6. Jon Scieszka
Yes! I was able to meet him – the Ambassador of Books for Boys. He is one of my all-time heroes. A funny, humble, and creative guy who never stops inspiring people to read and to write. And I like his hairstylist. In fact, I think he and I have the same one.

5. The Food.
Just kidding. Although I did share a lunch outdoors with Joan Berge, the president of Capstone Fiction, on one of those glorious spring Minnesota afternoons. Azure sky, puffy clouds, bright sunshine, and a humidity-free 70 degrees. Like a day at the lake, right?

4. Standing Room Only
I co-presented a workshop on graphic novels in the classroom with Dr. Stephen Sargent from Northeastern State University in Oklahoma. Stephan is a brilliant professor of reading and literacy and was a great partner to work with (and had some excellent hand-outs, btw). The two of us had been told to expect between 25 and 30 participants. We had 72! The graphic wave continues to roll!
And I received great feedback on some of our Graphic Revolve retellings, like Swiss Family Robinson. It’s amazing how a even single illustration can provoke so much thought and delight and discussion!
3. Swag
Lots of free posters, banners, books, bookmarks, and giveaways. I had fun handing out our Stone Arch DC Superhero poster and the one on the Power of Reading. The graphic of the four Recon Academy teen heroes looks appropriately high-tech and tough.

2. Invisible Creatures
The one major element of the crowd that you couldn’t see, but definitely made their presence known each day – the kids! That’s why we were all there. To get kids reading better, reading more, and reading for pleasure. There was enough energy and creativity at the Minneapolis IRA conference to explode in a cloud of literacy that would cover the country. I think it’s begun.

1. Blast off!

--Michael Dahl
Editorial Director

Monday, May 11, 2009

Reading builds teamwork

I wrote Over the Net about a volleyball player struggling to master a skill and struggling with her self-confidence. Although Allie plays volleyball, I saw a lot of her in many of the athletes on my varsity basketball team during our 2008-2009 season. We practiced very hard and loved to play, but we couldn’t seem to execute skills in game situations.

I decided to have all of my varsity players read Over the Net and then autograph my copy as both a team-building exercise and a motivation. Some girls read the book in groups out loud to each other. Others read alone on the bus rides to games. Without fail, the girls identified with Allie. My idea did not help us win any games, but I got my message to my athletes without preaching, and I got a great team souvenir!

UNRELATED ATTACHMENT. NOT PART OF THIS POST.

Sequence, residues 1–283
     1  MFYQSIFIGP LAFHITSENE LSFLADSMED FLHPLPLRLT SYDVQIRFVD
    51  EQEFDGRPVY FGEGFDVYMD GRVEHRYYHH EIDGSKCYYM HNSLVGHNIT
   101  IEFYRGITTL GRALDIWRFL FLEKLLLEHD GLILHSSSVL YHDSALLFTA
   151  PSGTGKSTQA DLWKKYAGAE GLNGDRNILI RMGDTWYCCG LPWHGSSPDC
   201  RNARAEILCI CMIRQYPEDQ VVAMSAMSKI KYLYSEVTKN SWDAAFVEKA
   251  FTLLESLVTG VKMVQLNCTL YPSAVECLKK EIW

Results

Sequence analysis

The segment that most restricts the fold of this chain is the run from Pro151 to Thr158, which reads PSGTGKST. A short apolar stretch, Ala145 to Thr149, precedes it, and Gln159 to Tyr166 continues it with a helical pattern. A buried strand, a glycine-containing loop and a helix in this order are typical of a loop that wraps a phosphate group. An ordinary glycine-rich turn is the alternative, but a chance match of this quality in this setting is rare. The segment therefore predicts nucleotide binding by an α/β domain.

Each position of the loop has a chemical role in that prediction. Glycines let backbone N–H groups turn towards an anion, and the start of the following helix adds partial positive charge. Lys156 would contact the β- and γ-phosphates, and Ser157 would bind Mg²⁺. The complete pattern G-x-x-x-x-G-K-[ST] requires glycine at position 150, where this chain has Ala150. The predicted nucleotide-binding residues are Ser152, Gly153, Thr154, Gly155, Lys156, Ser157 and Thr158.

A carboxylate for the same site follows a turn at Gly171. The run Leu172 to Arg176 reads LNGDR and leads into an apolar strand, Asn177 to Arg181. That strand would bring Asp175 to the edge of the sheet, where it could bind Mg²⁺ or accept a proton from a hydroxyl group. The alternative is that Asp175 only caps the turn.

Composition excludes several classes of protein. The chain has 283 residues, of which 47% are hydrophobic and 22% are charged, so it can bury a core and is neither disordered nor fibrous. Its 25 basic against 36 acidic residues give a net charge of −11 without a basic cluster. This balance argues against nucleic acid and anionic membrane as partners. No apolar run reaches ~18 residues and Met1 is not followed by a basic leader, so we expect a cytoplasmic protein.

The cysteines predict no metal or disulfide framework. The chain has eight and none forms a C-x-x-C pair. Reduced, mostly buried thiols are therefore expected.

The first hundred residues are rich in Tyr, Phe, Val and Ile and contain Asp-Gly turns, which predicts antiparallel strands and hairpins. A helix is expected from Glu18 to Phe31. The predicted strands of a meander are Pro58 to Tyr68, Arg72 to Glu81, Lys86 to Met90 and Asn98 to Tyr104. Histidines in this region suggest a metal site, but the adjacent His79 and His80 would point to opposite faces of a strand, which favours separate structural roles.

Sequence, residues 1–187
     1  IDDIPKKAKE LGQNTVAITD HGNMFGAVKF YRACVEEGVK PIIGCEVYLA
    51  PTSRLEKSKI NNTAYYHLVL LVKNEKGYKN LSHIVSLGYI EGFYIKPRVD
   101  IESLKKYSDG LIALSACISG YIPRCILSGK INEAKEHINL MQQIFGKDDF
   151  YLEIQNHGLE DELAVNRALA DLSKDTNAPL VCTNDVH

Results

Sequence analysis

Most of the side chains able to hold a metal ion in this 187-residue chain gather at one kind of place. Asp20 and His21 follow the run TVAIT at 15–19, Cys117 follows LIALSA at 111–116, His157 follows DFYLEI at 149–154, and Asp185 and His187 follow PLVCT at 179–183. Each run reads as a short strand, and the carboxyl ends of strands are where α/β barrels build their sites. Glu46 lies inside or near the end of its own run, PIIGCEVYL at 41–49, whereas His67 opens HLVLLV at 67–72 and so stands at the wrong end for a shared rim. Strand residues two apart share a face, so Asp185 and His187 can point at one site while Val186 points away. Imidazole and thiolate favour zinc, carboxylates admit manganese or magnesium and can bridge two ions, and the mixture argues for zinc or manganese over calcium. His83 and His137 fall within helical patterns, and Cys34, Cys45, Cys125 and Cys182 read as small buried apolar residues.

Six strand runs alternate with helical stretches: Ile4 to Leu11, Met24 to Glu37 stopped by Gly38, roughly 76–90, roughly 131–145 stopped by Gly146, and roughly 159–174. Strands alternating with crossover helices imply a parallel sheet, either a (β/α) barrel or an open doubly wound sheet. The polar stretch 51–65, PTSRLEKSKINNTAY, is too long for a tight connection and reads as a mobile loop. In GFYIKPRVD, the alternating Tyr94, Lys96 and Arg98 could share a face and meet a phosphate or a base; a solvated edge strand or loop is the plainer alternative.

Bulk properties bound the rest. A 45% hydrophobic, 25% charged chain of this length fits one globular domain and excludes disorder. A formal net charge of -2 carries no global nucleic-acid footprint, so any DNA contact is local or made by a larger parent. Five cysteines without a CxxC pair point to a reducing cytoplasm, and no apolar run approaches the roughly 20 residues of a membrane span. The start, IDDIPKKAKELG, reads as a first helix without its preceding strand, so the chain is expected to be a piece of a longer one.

--Val Priebe

It's Sports and Fitness Month. Today's post comes from author Val Priebe, who wrote the text for the Jake Maddox books Running Rivals, Full Court Dreams, Over the Net, and Stolen Bases. She is also a high-school basketball and lacrosse coach in Minneapolis.

Friday, May 8, 2009

IRA was so fun, but don't take my word for it--check out our author Chris Everheart's blog post about signing books over at his blog, Million Boys Read. (Chris is actively trying to get boys to read--awesome.)

Tuesday, May 5, 2009

Free Comic Book Day

362 days! If you missed Free Comic Book Day last Saturday, May 2, that’s how long you’ll have to wait until the next celebration. I, for one, will be marking my calendar. Since 2002, this annual freebie frenzy has gotten bigger and better every year, and this past weekend was no exception. Not only has the list of available comics grown (40 free comics this year!!), but the variety of comics has expanded as well. From Drawn & Quarterly’s retro pick Nancy & Melvin Monster and laughs for the little ones with The Simpsons to DC and Marvel’s contemporary superhero fare and more grown-up graphics like Mercy Sparks and Love and Rockets, Free Comic Book Day has something for everyone. So this coming week, I’ll be rereading my freebies, and hopefully kids (and adults) around the country will be doing the same. And, if you didn’t get your grab bag last weekend, there’s still a chance to pick up some great free reads (including Stone Arch Books) before next year . . . at the library.

Donnie Lemke
Senior Editor, SAB

Monday, May 4, 2009

We are at IRA Minneapolis this week. We've got author signings at our Red Brick Learning booth all three days--come by booth 1526 and say hi!